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On this page: Ad Herbal – Adgandestrius – Adiatorix – Admete – Admetus


was denied by the Corinthians and the other Greeks. (Herod, viii. 5, 56, 61, 94 ; Plut. Them.

2. The son of Leucolophides, an Athenian, was one of the commanders with Alcibiades in the ex­pedition against Andros, b. c. 407. (Xen. Hell. i. 4. § 21.) He was again appointed one of the Athe­nian generals after the battle of Arginusae, b. c. 406, and continued in office till the battle of Aegos-potami, b. c. 405, where he was one of the com­manders, and was taken prisoner. He was the only one of the Athenian prisoners who was not put to death, because he had opposed the decree for cutting off the right hands of the Lacedaemo­nians who might be taken in the battle. He was accused by many of treachery in this battle, and was afterwards impeached by Conon. (Xen. HelL i. 7. § 1, ii. 1. § 30-32; Paus.iv. 17.§2,x.9. §5; Dem. de fals. leg. p. 401. ; Lys. c. Ale. pp. 143,21.) Aristophanes speaks of Adeimantus in the " Frogs " (1513), which was acted in the year of the battle, as one whose death was wished for ; and he also calls him, apparently out of jest, the son of Leuco-lophus, that is, "White Crest. ". In the "Prota­goras" of Plato, Adeimantus is also spoken of as present on that occasion (p. 315, e.).

3. The brother of Plato, who is frequently men­tioned by the latter. (Apol. Socr. p. 34, a., de Rep. ii. p. 367, e. p. 548, d. e.)

ADGANDESTRIUS, a chief of the Catti, offered to kill Arminius if the Romans would send him poison for the purpose ; but Tiberius declined the offer. (Tac. Ann. ii. 88.)

AD HERBAL (3A.rdp€as). 1. A Carthaginian commander in the first Punic war, who was placed over Drepana, and completely defeated the Roman consul P. Claudius in a sea-fight off Drepana, b. c. 249. (Polyb. i. 49—52; Diod Eel xxiv.)

2. A Carthaginian commander under Mago in the second Punic war, who was defeated in a sea-fight off Carteia, in Spain, by C. Laelius in b.c. 206. (Liv. xxviii. 30.)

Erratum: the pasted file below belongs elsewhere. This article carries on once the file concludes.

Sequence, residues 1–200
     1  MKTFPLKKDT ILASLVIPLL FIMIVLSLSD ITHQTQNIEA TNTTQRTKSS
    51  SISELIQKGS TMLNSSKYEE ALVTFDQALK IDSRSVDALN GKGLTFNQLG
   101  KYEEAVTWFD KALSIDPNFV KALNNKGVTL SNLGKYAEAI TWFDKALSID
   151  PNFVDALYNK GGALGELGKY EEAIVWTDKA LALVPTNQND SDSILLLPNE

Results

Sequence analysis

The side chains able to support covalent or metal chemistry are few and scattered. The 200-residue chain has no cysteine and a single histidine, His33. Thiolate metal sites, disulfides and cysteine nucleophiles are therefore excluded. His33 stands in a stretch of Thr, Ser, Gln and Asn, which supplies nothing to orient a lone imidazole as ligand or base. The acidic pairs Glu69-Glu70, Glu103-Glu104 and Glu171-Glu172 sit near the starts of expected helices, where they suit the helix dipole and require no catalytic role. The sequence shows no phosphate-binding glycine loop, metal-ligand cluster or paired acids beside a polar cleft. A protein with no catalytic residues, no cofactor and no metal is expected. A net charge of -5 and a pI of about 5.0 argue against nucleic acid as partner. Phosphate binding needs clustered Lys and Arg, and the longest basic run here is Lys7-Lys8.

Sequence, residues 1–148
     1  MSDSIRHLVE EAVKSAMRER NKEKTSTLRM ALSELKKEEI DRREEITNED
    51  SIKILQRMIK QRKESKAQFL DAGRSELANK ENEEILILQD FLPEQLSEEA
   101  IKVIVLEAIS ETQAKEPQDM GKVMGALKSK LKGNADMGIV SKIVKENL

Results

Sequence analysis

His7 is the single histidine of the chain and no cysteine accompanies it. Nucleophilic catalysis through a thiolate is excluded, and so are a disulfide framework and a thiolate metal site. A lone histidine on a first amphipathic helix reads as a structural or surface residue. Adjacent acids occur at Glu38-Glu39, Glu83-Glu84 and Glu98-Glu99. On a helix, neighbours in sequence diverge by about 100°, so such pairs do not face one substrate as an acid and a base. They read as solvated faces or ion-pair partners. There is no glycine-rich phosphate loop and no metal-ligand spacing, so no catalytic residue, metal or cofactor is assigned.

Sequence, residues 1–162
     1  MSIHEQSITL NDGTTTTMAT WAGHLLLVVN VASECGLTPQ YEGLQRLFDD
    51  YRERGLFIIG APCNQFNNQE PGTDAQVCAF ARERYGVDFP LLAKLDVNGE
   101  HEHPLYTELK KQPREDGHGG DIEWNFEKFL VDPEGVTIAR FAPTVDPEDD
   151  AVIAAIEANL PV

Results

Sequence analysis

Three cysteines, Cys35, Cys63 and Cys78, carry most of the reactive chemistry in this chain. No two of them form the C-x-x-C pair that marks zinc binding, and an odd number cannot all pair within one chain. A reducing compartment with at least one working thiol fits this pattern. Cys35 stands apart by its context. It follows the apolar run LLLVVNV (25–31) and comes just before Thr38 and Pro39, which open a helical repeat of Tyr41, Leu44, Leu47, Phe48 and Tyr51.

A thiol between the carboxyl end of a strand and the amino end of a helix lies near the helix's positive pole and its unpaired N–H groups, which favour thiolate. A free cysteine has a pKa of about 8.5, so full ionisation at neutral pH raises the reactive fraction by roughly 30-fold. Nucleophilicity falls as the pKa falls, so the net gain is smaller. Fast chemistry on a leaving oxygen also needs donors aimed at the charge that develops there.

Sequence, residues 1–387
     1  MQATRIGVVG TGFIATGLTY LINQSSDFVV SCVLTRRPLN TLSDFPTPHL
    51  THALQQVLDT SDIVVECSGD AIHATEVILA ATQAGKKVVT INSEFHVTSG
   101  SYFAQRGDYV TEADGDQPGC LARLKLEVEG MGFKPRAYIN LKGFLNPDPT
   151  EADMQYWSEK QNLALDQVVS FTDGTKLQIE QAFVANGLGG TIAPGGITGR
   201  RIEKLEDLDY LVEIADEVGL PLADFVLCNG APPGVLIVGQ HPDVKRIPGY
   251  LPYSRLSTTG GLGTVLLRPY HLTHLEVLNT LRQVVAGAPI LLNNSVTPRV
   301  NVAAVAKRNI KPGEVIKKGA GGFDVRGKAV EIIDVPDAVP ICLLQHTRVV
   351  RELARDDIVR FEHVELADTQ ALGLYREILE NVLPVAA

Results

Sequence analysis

3. The son of Micipsa, and grandson of Masi-nissa, had the kingdom of Numidia left to him by his father in conjunction with his brother Hiempsal and Jugurtha, b. c. 1 1 8. After the murder of his brother by Jugurtha, Adherbal fled to Rome and was restored to his share of the kingdom by the Romans in b. c. 117. But Adherbal was again stripped of his dominions by Jugurtha and be­sieged in Cirta, where he was treacherously killed by Jugurtha in B. c. 112, although he had placed himself under the protection of the Romans. (Sail. Jug. 5, 13, 14, 24, 25, 26; Liv. Ep. 63 ; Diod. Exc. xxxiv. p. 605. ed. Wess.)

ADIATORIX (5A5iaro>£), son of a tetrarch in Galatia, belonged to Antony's party, and killed all the Romans in Heracleia shortly before the battle of Actium. After this battle he was led as prisoner in the triumph of Augustus, and put to death with his younger son. His elder son, Dyteutus, was subsequently made priest of the celebrated goddess in Comana. (Strab. xii. pp. 543, 558, 559 ; Cic. ad Fam. ii. 12.)

ADMETE ('AtyJTi)). L A daugter of Oceamis and Thetys (Hesiod. Theog. 349), whom Hyginus in the preface to his fables calls Admeto and a daughter of Pontus and Thalassa.

2. A daughter of Eurystheus and Antimache or Admete. Heracles was obliged by her father to fetch for her the girdle of Ares, which was worn